Just as dangerous: Health officials, youth agency warn about health effects of vaping
Published 12:10 am Sunday, November 3, 2019
By Shavonne Walker
SALISBURY — As questions rise across the U.S. about health effects of vaping, the Rowan County Health Department says there has been one report of vaping-related illness seen at Novant Health Rowan Medical Center.
The single case is one of 61 in North Carolina as of Oct. 22, according to the Centers for Disease Control and Prevention. Meanwhile, as of Oct. 29, there have been 1,888 confirmed and probable lung injury cases reported by 29 states associated with the use of e-cigarette or vaping products, known as EVALI. Of those 1,888 cases, 37 have resulted in deaths in 24 states.
Educating teens and staff about electronic cigarettes, vape pens, e-hookahs, tank systems, mods and electronic nicotine delivery systems (ENDS) is a cause that the health department has taken on of late. The health department has hosted parent nights and educational sessions for community partners.
“The most common misconception is that these products are safer than traditional cigarettes. If anything, they are as dangerous or even more dangerous than the traditional cigarette,” said Health Education Specialist and Wellness Coordinator Amy Smith.
Unfortunately without full FDA regulation, there is no way of knowing all the dangers, Smith said.
The health department has been joined in its advocacy by Youth Substance Use Prevention Rowan. YSUP Executive Director Karen Jones said the organization is focused on educating people about e-cigarettes and vaping.
E-cigarettes typically use a battery-supplied electric current that passes through a metal coil to heat nicotine-containing “e-liquids” that create an aerosol. Users inhale the aerosol as if it were cigarette smoke. Vaping is popular among teens, young adults and former smokers. The CDC says one in nine high school seniors vape on a daily basis. CDC statistics show teens vape because one in three have a friend or family member who uses them and that one in four do so because of the flavors.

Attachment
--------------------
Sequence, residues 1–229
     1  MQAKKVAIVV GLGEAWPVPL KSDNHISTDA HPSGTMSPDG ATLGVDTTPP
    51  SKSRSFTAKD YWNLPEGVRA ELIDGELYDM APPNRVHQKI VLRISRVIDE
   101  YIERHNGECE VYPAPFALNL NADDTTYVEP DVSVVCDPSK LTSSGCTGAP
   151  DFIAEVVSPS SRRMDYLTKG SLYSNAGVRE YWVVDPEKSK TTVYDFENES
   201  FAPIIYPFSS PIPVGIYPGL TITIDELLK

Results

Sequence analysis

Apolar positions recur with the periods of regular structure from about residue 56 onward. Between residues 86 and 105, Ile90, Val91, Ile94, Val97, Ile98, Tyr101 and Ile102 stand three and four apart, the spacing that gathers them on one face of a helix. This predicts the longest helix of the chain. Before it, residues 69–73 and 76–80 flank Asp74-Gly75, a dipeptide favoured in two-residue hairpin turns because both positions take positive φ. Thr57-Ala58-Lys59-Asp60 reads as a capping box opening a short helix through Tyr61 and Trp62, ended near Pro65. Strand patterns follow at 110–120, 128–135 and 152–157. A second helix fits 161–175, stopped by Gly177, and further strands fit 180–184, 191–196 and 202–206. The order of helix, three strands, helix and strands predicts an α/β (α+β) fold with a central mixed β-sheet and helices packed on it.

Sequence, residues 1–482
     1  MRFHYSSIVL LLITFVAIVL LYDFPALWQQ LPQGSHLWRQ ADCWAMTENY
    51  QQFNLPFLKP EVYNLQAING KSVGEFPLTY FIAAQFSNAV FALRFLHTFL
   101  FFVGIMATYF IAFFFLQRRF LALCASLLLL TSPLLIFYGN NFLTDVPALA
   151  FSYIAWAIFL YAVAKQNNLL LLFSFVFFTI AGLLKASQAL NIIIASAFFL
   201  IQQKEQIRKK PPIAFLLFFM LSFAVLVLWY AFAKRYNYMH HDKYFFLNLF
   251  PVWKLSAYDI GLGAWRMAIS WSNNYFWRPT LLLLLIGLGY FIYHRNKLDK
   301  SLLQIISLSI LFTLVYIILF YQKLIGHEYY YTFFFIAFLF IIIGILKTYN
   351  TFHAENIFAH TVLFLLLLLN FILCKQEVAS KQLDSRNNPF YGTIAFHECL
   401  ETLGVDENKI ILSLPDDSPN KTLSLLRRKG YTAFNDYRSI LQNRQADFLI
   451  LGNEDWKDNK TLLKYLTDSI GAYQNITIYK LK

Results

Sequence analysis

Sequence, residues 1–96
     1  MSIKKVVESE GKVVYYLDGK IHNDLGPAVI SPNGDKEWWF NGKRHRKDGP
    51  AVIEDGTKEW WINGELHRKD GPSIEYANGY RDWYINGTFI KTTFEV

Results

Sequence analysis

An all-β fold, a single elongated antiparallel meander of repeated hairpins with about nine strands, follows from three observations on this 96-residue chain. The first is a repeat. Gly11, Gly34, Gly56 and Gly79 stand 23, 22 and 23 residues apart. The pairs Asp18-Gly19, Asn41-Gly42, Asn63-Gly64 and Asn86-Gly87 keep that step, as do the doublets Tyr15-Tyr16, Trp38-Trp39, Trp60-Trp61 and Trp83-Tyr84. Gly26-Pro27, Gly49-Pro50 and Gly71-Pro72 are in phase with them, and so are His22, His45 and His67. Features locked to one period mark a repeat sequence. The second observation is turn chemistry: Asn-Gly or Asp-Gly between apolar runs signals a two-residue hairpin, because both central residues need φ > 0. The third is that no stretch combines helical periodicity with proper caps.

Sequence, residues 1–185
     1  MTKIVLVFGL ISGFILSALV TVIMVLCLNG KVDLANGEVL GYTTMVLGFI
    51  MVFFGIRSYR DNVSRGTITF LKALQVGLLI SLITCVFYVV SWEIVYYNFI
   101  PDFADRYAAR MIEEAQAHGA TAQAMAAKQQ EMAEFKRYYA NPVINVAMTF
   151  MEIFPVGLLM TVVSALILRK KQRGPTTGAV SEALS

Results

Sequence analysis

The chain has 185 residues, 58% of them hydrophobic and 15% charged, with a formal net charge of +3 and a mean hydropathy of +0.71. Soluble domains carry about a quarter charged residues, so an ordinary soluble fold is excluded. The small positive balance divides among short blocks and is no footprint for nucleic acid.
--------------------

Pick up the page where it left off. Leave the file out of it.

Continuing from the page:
“They’re all devices that deliver nicotine,” Jones said.
And it’s something that parents should be concerned about, Jones said.
“Initially, with e-cigarettes you’ve got the vapor because it did heat water and you would inhale that,” Jones said. “Now with newer devices, it’s not water that’s being heated and often you don’t see the cloud, depending on the device.”
Some devices look like everyday items including an Apple watch, a MiO liquid flavor pod and even a No. 2 pencil.
Jones said YSUP meets regularly with community partners and school resource officers who have confiscated some of these devices. YSUP uses some of the devices to educate parents and teachers about what to look for, Jones said.
She said there are devices that look like flash drives that students can sit and puff and teachers have no idea they are smoking e-cigarettes.
“They’ve gotten easier to disguise,” Jones said. “A lot of problems we’re seeing with the vaping illness and the serious illnesses are coming from adulterated devices or kids who are using that aren’t aware of the potency that are in the devices.”
She said vaping devices sometimes have been modified to deliver THC or CBD — chemical compounds in marijuana. CBD has become a popular ingredient in health products while THC is the main psychoactive compound that provides the “high” feeling after smoking marijuana.
But the concentration of so-called JUUL pods, which contain liquid in one of the most popular vaping devices, is one of the most significant dangers, Jones said.
“Kids don’t know when to stop either. If you’re pulling cigarettes out of a pack, you have an idea of how much you have smoked, but if you’ve got a device that you’re just kind of sucking on all throughout the day, that can get away from you,” Jones said.
One JUUL pod is the equivalent of smoking 20 cigarettes or one pack of cigarettes, per the CDC.
“The implications for adolescents is their brains are still developing until they are 25. Nicotine has a very negative effect on that developing brain,” she said.
Jones said the latest trend is teens who have access to a vaping device will sell “hits” for a dollar amount to teens who don’t.
One thing to keep in mind is it’s not illegal for these kids to possess these devices under the age of 18, Jones said. She believes vaping is an issue that “we ought to be able as a community come up with alternatives to addressing those issues.”
Contact reporter Shavonne Walker at 704-797-4253.